- Public domain definition
- The public domain is generally defined as consisting of works that are either not copyrighted ineligible for copyright protection or with expired copyrights. Public domain refers to the total absence of copyright protection for work The public domain is a range of abstract materials commonly referred to as intellectual property which are not owned or controlled by anyone. The term indicates that these materials are therefore “public property”, and available for anyone to use for any purpose.
Public domain works (“works in the public domain”) are considered to be a part of the “public’s cultural heritage, anybody is entitled to make use of them for any purpose, including copying, modifying and even selling”.Moreover, it is even permissible to remove the original author’s name.
The public domain can be defined in contrast to several forms of intellectual property; the public domain in contrast to copyrighted works is different from the public domain in contrast to trademarks or patented works. A creative work is said to be in the public domain if there are no laws which restrict its use by the public at large.
Public domain is a phrase that describes something that belongs to all people in general. It is “public property”.
How works enters in the public domain?
Works become part of the public domain when original author place its own works in public domain, and more common is the expiration of the copyright or work is no longer owned by original author, when works reach a certain age and/or when the original author/owner does not renew their copyright.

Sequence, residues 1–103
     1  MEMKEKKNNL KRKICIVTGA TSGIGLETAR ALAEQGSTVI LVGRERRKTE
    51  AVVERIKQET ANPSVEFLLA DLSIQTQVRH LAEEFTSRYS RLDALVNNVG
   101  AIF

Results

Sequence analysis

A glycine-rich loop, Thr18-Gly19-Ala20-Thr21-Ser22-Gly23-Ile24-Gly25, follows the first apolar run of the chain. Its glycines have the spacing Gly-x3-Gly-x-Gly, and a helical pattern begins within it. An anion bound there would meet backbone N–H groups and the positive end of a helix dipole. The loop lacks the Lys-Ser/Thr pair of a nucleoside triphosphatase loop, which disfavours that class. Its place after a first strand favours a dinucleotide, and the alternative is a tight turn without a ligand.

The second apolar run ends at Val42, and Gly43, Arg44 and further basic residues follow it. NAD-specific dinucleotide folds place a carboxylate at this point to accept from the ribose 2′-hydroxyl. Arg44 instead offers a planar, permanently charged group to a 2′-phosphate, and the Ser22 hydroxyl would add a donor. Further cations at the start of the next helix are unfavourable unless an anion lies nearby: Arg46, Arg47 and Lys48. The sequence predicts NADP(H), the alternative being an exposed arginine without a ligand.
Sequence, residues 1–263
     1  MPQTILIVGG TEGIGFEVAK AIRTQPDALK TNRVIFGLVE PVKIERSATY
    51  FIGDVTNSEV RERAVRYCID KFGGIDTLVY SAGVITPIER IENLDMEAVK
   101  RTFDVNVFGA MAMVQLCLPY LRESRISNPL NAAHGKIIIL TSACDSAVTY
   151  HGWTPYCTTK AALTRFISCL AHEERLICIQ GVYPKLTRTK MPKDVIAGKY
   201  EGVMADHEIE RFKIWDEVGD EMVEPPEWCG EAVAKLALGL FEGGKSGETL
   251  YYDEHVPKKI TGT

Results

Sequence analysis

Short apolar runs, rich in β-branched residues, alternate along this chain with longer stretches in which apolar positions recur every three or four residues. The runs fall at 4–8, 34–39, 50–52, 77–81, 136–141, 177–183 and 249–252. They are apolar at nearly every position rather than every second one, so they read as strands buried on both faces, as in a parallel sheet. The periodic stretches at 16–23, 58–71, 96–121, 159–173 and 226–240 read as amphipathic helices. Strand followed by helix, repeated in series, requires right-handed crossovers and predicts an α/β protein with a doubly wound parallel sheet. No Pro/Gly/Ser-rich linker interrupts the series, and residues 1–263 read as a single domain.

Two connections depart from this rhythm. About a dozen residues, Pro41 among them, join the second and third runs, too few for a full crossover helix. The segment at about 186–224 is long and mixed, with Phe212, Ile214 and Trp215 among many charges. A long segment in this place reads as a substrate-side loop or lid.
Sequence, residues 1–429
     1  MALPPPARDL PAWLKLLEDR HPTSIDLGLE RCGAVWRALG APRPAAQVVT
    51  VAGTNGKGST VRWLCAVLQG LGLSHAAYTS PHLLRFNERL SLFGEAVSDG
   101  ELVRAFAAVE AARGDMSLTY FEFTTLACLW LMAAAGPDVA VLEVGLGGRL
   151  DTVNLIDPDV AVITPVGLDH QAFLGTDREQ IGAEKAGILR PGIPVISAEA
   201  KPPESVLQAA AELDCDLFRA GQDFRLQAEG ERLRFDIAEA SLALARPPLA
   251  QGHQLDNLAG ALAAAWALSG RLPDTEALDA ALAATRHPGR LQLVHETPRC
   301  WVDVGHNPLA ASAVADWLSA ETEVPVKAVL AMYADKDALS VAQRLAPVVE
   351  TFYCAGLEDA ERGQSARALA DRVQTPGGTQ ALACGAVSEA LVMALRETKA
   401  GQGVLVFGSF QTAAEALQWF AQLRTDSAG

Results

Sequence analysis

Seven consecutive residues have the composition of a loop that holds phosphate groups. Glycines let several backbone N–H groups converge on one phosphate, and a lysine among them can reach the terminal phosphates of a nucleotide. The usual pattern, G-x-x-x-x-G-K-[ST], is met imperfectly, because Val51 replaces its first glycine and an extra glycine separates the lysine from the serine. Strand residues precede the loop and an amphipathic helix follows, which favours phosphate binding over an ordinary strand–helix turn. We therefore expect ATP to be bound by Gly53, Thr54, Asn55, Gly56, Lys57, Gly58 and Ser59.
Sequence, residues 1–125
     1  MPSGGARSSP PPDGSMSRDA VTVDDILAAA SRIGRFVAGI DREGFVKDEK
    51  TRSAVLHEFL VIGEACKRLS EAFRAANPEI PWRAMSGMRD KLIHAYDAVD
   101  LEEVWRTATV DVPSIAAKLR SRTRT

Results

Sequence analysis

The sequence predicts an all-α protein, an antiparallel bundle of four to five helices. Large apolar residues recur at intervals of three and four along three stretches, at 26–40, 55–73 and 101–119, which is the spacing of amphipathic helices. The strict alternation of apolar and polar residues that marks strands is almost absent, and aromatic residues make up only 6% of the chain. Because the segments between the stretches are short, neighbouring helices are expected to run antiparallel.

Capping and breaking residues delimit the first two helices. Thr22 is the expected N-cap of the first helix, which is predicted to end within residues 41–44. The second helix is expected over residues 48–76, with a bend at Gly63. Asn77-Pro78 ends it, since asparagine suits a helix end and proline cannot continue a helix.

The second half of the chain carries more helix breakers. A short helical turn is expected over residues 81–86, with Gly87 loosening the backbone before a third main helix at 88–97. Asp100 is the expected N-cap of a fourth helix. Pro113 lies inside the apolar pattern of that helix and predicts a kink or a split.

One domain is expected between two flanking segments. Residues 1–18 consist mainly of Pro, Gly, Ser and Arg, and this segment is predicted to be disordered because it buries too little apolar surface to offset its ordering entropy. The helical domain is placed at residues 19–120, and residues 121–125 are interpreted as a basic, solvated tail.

Works are in the public domain wherever no law exists that establishes proprietary rights to them or where they are specifically excluded from existing laws. Works that were created before copyright laws are part of the public domain.
When creative work will enter in the public domain?
Public domain in the United States of America.
Under current U.S. copyright law work created by an individual enters the public domain on January 1, 70 years after the author’s death. If the work is a joint effort of two or more authors, it enters the public domain on January 1, 70 years after the death of the last surviving author. In the case of a work made for hire, a work published under a pseudonym or a collective work, it enters the public domain on January 1, 95 years after the date of first publication or 120 years after creation, whichever occurs earlier.
Also, works created by the U.S. Federal Government automatically and immediately enter the public domain.
When works pass into the public domain?
|Date of work||Protected||Term|
|Created 1/1/78 or after||When work is fixed in tangible medium of expression||Life + 70 years (or if work of corporate authorship, the shorter of 95 years from publication, or 120 years from creation|
|Published before 1923||In public domain||None|
|Published from 1923 – 1963||When published with notice||28 years + could be renewed for 47 years, now extended by 20 years for a total renewal of 67 years. If not so renewed, now in public domain|
|Published from 1964 – 1977||When published with notice||28 years for first term; now automatic extension of 67 years for second term|
|Created before 1/1/78 but not published||1/1/78 but not published 1/1/78, the effective date of the 1976 Act which eliminated common law copyright||Life + 70 years or 12/31/2002|
|Created before 1/1/78 but published between then and 12-31-2002||1/1/78, the effective date of the 1976 Act which eliminated common law copyright||Life + 70 years or 12/31/2047|
Eventually, all works will fall into the public domain, assuming that copyright law does not deviate from its original intention of providing protection only for a limited duration.
“Public domain work is not copyrighted, no rights reserved.”
However, any variation on any public domain work becomes the property of the person making the variation, and it receives an automatic copyright, just as do completely original works.